Berbere is essential to Ethiopian cooking, along with the clarified spiced butter known as niter kebbeh. Berbere (ber-BERRY) is to Ethiopia what garam masala is to India.
Basically it’s the contents of your spice rack, mashed with cooked shallots and garlic and a little oil and water. What is an authentic recipe? Um, well, there isn’t one. Berbere is like masala or a Bolognese sauce — every cook has her own version.
But the keys are a lot of chile and a lot of aromatic spices.
Berbere is in most Ethiopian recipes, notably tibs and doro wat, two classic dishes from that country. In fact, doro wat, a spicy chicken stew, is considered the national dish of Ethiopia. For hunters you’re in luck; remember Africa chickens tend to be old and tough — so a pheasant or grouse would be a far better choice than a typical American chicken.
Or you could use venison to make a version of segi wat, which is typically done with lamb.
My old boss, an Eritrean woman named Meselesh Ayele, said a bride’s ability to make berbere factored heavily in whether she’d be a good wife. Dunno if that’s still true, but I can tell you she never shared the exact berbere recipe she used at the restaurant. I know the spices, just not the proportions.
Here’s what I came up with:
This is a berbere paste mix. You can make this into a dry berbere spice mix by using only dry ingredients. The paste should be kept in a cool place, the spice mix in a dark place. Either way, it will last a year or so.
- 1 teaspoon black peppercorns
- 12 whole cloves
- 12 cardamom pods
- 2 large shallots, minced
- 6 cloves garlic, minced
- 3 tablespoons vegetable oil, such as peanut
- 2 tablespoons grated fresh ginger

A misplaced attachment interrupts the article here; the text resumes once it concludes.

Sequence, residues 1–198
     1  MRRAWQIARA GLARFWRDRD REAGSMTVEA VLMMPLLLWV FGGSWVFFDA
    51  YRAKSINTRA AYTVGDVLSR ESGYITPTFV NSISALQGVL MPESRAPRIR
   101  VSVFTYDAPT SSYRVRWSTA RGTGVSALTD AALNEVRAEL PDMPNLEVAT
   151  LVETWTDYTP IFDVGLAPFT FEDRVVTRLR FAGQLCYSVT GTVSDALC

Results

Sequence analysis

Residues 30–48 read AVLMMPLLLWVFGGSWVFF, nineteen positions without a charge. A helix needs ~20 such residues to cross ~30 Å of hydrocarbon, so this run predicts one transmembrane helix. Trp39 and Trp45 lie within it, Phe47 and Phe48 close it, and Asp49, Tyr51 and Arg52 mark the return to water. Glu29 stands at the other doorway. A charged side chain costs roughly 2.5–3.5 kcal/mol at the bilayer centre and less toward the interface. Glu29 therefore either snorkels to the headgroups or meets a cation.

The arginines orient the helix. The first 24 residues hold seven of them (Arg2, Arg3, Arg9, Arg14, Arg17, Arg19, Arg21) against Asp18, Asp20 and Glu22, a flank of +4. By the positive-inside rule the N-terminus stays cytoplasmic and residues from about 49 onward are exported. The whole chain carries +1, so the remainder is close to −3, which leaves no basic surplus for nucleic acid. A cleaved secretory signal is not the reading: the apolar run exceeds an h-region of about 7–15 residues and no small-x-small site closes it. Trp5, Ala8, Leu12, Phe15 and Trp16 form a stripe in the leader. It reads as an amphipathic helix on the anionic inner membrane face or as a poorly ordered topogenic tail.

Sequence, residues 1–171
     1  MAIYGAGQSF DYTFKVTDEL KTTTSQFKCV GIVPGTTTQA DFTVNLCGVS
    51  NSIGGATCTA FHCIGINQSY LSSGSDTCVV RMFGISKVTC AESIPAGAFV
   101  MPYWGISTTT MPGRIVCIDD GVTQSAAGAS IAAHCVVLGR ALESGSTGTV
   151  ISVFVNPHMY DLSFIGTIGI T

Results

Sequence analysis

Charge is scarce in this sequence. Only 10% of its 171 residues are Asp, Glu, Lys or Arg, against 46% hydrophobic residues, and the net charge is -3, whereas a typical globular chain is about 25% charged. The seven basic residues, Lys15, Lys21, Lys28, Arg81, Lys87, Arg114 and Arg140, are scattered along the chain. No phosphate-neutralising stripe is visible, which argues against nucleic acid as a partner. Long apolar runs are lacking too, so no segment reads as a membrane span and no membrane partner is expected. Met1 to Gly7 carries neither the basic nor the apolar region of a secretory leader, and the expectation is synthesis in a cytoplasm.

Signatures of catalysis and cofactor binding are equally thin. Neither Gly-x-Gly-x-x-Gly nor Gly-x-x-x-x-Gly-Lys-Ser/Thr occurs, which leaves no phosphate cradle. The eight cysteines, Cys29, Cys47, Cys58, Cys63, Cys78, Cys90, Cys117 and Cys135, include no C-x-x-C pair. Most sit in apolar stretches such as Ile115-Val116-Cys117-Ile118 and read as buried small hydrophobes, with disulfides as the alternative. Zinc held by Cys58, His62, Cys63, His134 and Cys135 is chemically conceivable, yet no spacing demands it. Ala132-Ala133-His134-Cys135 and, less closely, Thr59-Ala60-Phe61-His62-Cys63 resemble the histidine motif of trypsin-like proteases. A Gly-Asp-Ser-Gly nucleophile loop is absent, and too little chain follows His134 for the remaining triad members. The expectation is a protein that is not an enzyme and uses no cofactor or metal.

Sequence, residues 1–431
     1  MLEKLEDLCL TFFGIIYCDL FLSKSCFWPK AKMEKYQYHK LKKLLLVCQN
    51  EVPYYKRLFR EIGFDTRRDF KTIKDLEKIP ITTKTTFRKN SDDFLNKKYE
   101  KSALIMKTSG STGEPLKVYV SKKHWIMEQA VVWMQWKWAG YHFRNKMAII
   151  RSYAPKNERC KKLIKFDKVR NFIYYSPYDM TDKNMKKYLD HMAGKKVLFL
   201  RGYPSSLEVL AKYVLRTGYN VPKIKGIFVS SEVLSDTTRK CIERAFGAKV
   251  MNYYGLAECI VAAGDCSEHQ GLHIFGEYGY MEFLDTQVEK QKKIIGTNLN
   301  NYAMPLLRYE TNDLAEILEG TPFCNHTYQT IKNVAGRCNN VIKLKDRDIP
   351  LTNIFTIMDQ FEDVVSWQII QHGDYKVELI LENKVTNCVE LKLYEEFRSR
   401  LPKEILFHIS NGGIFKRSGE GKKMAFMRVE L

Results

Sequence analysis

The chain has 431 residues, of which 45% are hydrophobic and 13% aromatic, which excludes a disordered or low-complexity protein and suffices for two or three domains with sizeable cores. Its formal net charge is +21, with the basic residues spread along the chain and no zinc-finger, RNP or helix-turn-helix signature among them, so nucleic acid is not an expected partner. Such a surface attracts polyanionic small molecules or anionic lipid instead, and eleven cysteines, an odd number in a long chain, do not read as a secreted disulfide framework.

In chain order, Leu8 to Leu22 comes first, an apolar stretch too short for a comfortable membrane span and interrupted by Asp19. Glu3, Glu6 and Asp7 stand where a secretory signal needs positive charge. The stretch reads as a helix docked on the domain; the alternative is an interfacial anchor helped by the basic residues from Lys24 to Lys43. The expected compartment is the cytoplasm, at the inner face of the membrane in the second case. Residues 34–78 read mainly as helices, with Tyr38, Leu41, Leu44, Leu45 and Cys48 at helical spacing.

- 1 tablespoon salt
- 2 tablespoons paprika
- 3 tablespoons cayenne
- 1 teaspoon turmeric
- 1 teaspoon fenugreek
- Water (see below)
Toast all the whole spices in a dry pan over medium heat until they are fragrant. Set them aside.
In the same pan, heat the oil and sweat the shallots and garlic over medium heat. Do not let them color. Turn off the heat and set aside.
Grind your whole spices in a spice grinder, then mix them with the powdered spices. In a mortar and pestle, add the shallot-garlic mixture and add the ginger. Pound it well for a minute or two. Start adding the spice mixture, pounding and mixing all the way, until you have a clay-like, brick red mix. You now have berbere in its most preservable form.
In the fridge, I've kept this for a year with nothing noticeable happening to it. But, this is tough to use. So if you want to use your berbere now, start adding some water, a tablespoon at a time, to thin it out to the consistency you want.
If you don't want to make berbere the old-fashioned way, you can put the wet ingredients in a food processor, add the spices and then drizzle in water or oil as you buzz it on low. Remember this stuff is ferocious. A little goes a long way.